BY NANCY GAGNET | MIRROR REPORTER — Josh and Stacie Aultman were filled with joy when they learned that Stacie was pregnant with twins.
The Maumee couple planned that soon they would welcome the new bundles into their home, where older brothers Cody, 10, and A.J., 7, were also eagerly awaiting their arrival.
Then, at 27 weeks gestation, an ultrasound revealed that one of the twins, Brady, had a serious heart defect. The other twin, Elliot, was healthy. Further examination determined that Brady had truncus arteriosus, a rare type of heart disease in which a single blood vessel, a truncus arteriosus, comes out of the right and left ventricles instead of the normal two vessels, or the pulmonary artery and aorta.
In utero, Brady was fine, but as soon as he was born, doctors would begin working to repair his heart. The couple had made arrangements to take Brady to the University of Michigan C.S. Mott Children’s Hospital, where he would receive surgical repairs from the world-renowned pediatric heart surgeon Edward Bove and his assistant surgeon, Peter Sassalos.
“It was important for Brady to go full term,” Josh said. “And Stacie was determined to make sure he did.”
The twins were born on October 7, 2017 at Toledo Hospital, and after three days in the neonatal intensive care unit, Brady was transported by air ambulance to the University of Michigan.
He had his first surgery at 6 days old and the initial prognosis looked promising, but later tests determined that his heart wasn’t pumping properly and Brady would need a second heart surgery.
“We were devastated,” said Josh. “They told us that it is another big surgery and not every kid comes back from it.”
Working to repair a tiny valve the size of a pencil eraser required another eight-hour surgery. After two weeks, the couple received more bad news – the valve was leaking. In addition, there was a vascular ring around his trachea, so he couldn’t breathe without a tube, which meant he needed a third surgery to correct that issue.
“We were beside ourselves and we kind of got the feeling that they were getting to the point where they didn’t know how to proceed to do any more for him,” Josh said.
Brady survived the third surgery to correct the trachea, but was still experiencing severe truncal valve regurgitation, so the couple began exploring every option. They were preparing to move Brady to Boston to undergo a new technique developed in Japan – one that had only been performed on 20 kids – in which a graft of his heart tissue would be used to make a new valve. Just before they were ready to have him transported, the doctors at Mott offered a different solution.
Surgeons and doctors from all different fields of medicine gathered to discuss Brady’s situation and the best course of action to help him. In the end, they decided to implant a mechanical valve into his heart.
“There were not great options, but we had a lot of faith in Michigan. They had gotten us so far and we had seen the stuff they did and how amazing they were – so we decided to trust them to do it,” Josh said.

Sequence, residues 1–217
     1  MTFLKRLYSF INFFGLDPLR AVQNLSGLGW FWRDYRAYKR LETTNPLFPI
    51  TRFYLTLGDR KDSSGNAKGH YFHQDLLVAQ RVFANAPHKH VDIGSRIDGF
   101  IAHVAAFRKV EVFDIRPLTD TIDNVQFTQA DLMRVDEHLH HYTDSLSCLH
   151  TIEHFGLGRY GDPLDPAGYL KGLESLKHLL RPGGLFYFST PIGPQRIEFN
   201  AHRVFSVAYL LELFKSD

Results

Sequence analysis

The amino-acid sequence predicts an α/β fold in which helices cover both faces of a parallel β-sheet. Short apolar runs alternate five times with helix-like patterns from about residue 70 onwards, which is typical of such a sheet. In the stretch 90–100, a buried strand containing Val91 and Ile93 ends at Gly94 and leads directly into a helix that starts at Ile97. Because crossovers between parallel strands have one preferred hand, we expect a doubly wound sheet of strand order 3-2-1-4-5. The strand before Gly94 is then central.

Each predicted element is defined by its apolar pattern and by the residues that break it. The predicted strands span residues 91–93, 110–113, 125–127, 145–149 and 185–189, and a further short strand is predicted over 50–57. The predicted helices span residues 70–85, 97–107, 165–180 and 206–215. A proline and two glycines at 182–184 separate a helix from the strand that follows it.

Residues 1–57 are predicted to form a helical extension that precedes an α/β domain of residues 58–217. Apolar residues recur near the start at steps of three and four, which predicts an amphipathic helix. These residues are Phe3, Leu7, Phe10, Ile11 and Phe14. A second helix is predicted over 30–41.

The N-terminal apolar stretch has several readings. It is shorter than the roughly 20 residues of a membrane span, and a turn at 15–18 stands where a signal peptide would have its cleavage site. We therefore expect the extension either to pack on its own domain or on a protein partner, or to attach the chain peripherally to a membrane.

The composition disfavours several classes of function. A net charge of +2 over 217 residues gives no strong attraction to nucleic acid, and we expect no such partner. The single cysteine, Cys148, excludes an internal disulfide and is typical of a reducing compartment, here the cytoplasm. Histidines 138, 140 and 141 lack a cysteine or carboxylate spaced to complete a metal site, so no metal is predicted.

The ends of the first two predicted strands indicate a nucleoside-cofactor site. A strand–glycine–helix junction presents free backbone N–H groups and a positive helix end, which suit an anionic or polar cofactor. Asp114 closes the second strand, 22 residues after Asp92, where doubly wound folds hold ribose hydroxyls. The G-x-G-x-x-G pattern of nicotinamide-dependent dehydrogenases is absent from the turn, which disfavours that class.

After the surgery, Brady was alert and looking around. Two weeks later, the tube came out and he started making a full recovery.
“We learned later that Brady is one of the smallest children in the United States to receive a mechanical aortic valve and survive more than 30 days,” said Josh.
While Brady spent his first six months in the hospital and had to undergo major surgeries, including his last surgery to implant the valve in February 2018, today Brady is home and doing well.
Josh and Stacie are grateful for the care their son received, especially from their nurses, Jackie Peiffer and Kim Zaleski – whom they specifically requested to be on Brady’s care team. At Mott’s, the care team takes care of the patient for the entire duration of their hospital stay as well as all return visits.
“So it’s a lifetime commitment,” Josh said. “We saw them as the perfect team.”
The Aultmans also learned that Jackie lives in Maumee.
“She’s a very special person,” said Josh.
While the care Brady received has been exceptional, so have the medical expenses, which reached more than $3 million. Fortunately for the Aultmans, who are both self-employed, Josh purchased critical illness insurance for their family, which covered Brady’s heart surgery and his other medical expenses.
Brady, who is approaching his first birthday, relies on a feeding pump and regular medication. In addition, a home health nurse visits him three times weekly and an occupational therapist sees him regularly. He continues to return to the University of Michigan Mott Children’s Hospital to see a variety of doctors, including kidney doctors and cardiologists.
“Our hope right now is to get to age 4 before he needs another surgery,” Josh said.
Before he reaches adulthood, Brady will also need three to four more surgeries to replace the mechanical valve and pulmonary conduit.
For now, the couple remains hopeful and grateful.
“It’s hard, obviously. Even now, every day is not guaranteed,” said Josh. “He’s got a heart that’s like patched together with bubble gum. We just enjoy every day and look at every day as a gift.”